- Associated Press - Saturday, June 7, 2014

LOUISVILLE, Ky. (AP) - Senate Minority Leader Mitch McConnell portrayed himself Saturday night as the top target of national Democrats in this year’s election, and said “every crazy liberal in America” is contributing to his Kentucky challenger in hopes of dislodging him from the Senate.

Speaking to a Republican crowd in his hometown of Louisville, McConnell aimed most of his criticism at President Barack Obama - reflecting his strategy of undermining his Democratic foe, Alison Lundergan Grimes, by linking her to the president, who is unpopular in Kentucky.

In his one direct attack at Grimes, he branded her as out of touch with coal miners, and said she is benefiting from loads of campaign cash from liberal activists who resent his opposition to Obama’s policies.

“There’s nobody in the country that the left wants to beat more than the guy you’re looking at,” McConnell said. “Every crazy liberal in America is sending my opponent multiple checks every week. They think I’m the president’s biggest problem. I’m proud of that.”

Coal policy has emerged as an overarching issue in Kentucky’s closely watched Senate race.

Obama’s new plan to impose stricter federal emissions standards on coal-fired power plants has drawn sharp criticism from both McConnell and Grimes. Kentucky is among the nation’s top coal producers.

McConnell blamed Obama’s regulations for causing widespread job losses in coal-producing counties in eastern Kentucky. And McConnell scoffed at the chances that Obama’s move to limit U.S. carbon emissions will prompt important shifts elsewhere on climate policies.

“You must wonder how one country reducing its carbon emissions is going to affect the global problem when the Europeans are starting to back away from it and the Indians and the Chinese say ‘we’re not about to do this to our economy,’” the senator said. “So this is all pain and no gain.”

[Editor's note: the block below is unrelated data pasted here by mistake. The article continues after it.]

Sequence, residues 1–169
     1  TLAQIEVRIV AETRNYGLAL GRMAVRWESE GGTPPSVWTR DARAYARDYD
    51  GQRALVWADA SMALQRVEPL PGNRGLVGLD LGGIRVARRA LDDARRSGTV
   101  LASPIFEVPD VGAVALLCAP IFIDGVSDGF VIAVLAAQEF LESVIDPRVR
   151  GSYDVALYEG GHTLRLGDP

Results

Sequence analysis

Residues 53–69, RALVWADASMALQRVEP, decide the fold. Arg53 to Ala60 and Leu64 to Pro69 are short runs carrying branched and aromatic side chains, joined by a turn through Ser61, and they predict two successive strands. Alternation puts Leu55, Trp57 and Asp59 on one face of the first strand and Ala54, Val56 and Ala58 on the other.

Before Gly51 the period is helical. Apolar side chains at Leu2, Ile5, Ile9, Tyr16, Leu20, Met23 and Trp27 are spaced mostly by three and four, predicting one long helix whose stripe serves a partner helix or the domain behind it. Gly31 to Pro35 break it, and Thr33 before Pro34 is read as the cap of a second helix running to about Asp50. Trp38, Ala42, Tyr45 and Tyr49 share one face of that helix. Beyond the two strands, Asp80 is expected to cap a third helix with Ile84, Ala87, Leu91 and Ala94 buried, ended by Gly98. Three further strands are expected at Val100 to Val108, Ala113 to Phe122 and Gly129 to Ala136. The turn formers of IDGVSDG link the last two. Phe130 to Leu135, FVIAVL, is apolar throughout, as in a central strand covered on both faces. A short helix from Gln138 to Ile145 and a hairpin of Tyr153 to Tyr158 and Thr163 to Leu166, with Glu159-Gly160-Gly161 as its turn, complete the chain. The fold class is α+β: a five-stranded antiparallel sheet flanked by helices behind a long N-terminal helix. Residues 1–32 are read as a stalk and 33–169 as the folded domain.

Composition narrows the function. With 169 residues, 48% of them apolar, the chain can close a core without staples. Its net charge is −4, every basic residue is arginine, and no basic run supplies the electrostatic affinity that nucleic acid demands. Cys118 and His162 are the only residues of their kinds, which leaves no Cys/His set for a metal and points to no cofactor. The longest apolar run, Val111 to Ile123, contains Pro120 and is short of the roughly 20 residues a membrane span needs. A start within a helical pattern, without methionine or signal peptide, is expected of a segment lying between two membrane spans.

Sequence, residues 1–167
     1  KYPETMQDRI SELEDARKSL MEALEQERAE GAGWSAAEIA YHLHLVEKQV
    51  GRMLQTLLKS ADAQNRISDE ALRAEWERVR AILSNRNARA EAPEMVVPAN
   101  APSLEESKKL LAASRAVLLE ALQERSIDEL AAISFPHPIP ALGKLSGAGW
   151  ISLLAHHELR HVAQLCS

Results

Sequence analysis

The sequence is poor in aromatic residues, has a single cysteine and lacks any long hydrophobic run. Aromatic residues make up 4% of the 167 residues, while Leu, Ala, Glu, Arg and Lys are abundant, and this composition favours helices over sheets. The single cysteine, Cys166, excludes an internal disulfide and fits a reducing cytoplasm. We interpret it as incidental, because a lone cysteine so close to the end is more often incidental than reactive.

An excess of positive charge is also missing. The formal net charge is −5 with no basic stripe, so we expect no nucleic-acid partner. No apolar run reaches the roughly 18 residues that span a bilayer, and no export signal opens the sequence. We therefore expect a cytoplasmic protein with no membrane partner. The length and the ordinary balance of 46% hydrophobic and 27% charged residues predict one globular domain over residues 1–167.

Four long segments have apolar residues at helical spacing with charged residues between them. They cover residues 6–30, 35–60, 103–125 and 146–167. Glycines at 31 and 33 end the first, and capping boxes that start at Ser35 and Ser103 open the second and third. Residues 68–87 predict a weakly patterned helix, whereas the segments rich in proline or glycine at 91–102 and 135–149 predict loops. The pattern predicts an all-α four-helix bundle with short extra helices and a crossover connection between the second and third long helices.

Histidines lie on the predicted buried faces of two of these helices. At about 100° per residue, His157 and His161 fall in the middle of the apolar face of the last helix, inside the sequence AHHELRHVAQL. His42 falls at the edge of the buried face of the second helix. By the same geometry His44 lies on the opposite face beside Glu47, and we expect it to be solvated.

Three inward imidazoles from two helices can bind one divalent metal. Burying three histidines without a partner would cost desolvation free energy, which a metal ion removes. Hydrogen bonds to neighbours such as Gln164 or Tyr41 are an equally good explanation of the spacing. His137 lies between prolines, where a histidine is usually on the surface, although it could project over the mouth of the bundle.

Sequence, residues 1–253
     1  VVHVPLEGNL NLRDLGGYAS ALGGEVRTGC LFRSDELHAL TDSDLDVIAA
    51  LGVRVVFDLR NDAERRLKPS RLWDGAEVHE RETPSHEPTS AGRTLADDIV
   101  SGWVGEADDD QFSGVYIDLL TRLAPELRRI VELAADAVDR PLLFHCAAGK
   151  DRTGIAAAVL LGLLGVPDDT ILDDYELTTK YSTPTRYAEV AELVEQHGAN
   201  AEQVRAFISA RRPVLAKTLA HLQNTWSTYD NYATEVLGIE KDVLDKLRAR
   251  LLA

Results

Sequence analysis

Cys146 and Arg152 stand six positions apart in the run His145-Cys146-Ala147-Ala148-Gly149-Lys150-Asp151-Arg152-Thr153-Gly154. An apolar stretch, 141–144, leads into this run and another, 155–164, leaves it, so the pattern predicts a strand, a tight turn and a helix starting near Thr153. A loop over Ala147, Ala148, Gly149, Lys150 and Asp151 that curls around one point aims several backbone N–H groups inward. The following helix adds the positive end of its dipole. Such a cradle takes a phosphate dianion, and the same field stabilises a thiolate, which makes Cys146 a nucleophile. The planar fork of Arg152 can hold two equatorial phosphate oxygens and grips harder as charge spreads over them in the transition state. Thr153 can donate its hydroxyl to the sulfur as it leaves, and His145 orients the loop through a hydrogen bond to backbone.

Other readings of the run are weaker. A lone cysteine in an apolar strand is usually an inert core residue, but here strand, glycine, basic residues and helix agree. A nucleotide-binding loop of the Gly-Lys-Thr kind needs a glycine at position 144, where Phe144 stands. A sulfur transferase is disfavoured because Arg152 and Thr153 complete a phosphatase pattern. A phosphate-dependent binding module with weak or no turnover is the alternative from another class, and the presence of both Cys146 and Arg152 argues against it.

McConnell continued efforts to put Grimes on the defensive on the issue. He poked fun at her campaign’s recent problem with a stock photo in an ad meant to show her independence in sticking up for coal interests.

“My opponent has been in Hollywood so much lately that she really can’t tell the difference between a coal miner and a European male model,” he said.

McConnell was referring to the Grimes campaign’s use of a Ukrainian male model posing as a coal miner in an early newspaper ad. Grimes’ campaign blamed its design firm and said the photo was replaced before the ad ran in Kentucky’s coal country.

McConnell’s campaign has run into its own problems with stock photos.

Democrats chided McConnell’s campaign for using European photos to promote his support for coal and gun rights in Facebook posts. They pointed to a McConnell Facebook post earlier this year that showed a Greek power plant as part of the Republican senator’s criticism of Obama’s coal policy.

Grimes’ campaign said she has pressed the case for coal with the Senate’s top-ranking Democrat.

She expressed her displeasure with Obama’s new emissions regulations and stressed the struggles in coal country in a discussion with Senate Majority Leader Harry Reid at a recent fundraiser in Washington, the campaign said.

“She offered real stories of Kentuckians struggling to make ends meet and stressed that we need a comprehensive, balanced approach that reins in the EPA, invests in clean coal technology and keeps foreign markets open for Kentucky coal,” said Grimes campaign manager, Jonathan Hurst.

McConnell is facing perhaps his toughest re-election campaign as he seeks a sixth term in the November election. Grimes is in her first term as Kentucky’s secretary of state. Democrats see the race as a chance to pick up a GOP-held seat and defeat a longtime nemesis.

Republicans have stressed the need for unity after McConnell faced a spirited primary challenge from Louisville businessman Matt Bevin, who garnered considerable tea party support. McConnell recognized Bevin at Saturday night’s event, which also featured Republican National Committee Chairman Reince Priebus. McConnell said his challenger made him a better candidate. Bevin received a warm ovation from the crowd.

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